Posted: 27 Feb. 2017 5 min. read

When tax meets technology: tax implications of Industry 4.0

Gareth Pritchard, South West & Wales VAT Partner, highlights a high-level paper he recently published which explores the tax implications of adopting Industry 4.0 technologies. 

Emerging technologies are triggering significant change for many businesses operating in the manufacturing sector.  Countless operational teams are considering how best to realise the potential opportunities available and how to access new markets efficiently.

Planning the implementation of these technologies, such as smart factories, 3D printing and the Internet of Things, requires a consideration of the tax position as it forms a key component of the operating cost base. Beyond simply the cost, a changed tax position can create additional compliance obligations and impact cash flow.  Early consideration of the tax implications is key to enabling businesses to identify any opportunities to reduce these costs.

The report When tax meets technology: Tax implications of Industry 4.0 is available online and considers the likely direct and indirect tax issues that may arise.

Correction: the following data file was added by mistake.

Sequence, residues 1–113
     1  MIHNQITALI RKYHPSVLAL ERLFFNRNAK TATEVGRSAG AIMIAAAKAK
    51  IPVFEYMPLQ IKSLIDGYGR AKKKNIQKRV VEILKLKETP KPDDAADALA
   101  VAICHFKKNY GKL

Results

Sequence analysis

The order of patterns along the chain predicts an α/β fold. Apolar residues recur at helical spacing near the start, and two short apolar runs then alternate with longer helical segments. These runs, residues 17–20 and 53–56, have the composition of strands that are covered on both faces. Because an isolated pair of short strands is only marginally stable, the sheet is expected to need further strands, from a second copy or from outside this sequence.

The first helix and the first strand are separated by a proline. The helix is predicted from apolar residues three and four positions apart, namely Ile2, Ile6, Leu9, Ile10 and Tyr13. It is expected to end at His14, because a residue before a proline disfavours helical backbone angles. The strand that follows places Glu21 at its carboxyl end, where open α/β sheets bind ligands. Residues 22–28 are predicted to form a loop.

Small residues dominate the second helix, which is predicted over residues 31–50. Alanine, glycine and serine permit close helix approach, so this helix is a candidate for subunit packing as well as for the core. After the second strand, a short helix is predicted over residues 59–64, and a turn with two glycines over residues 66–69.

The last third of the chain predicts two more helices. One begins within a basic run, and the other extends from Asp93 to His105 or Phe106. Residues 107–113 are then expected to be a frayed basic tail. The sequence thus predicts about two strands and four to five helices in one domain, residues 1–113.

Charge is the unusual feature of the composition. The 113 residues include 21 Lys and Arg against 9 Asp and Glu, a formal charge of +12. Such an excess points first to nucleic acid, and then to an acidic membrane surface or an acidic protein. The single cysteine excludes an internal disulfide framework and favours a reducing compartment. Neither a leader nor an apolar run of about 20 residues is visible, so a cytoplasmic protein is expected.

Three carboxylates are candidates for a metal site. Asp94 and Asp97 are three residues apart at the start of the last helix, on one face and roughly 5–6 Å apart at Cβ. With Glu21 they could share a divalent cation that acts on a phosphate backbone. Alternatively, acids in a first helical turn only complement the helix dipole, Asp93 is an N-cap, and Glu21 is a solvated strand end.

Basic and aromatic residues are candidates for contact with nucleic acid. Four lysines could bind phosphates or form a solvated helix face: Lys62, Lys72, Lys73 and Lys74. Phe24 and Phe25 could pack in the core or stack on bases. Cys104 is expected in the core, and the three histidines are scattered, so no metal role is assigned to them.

I hope it helps facilitate conversations between business leaders and tax teams so that tax is given due consideration at the appropriate time.

You can download a copy of the report here.

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Gareth Pritchard

Gareth Pritchard


Gareth is a partner with over 18 years of experience advising large global businesses on indirect tax matters. He leads the Deloitte UK Manufacturing Indirect Tax team and is also lead indirect tax partner for aerospace and defense businesses across EMEA. He has a special interest in disruptive technologies affecting the manufacturing sector.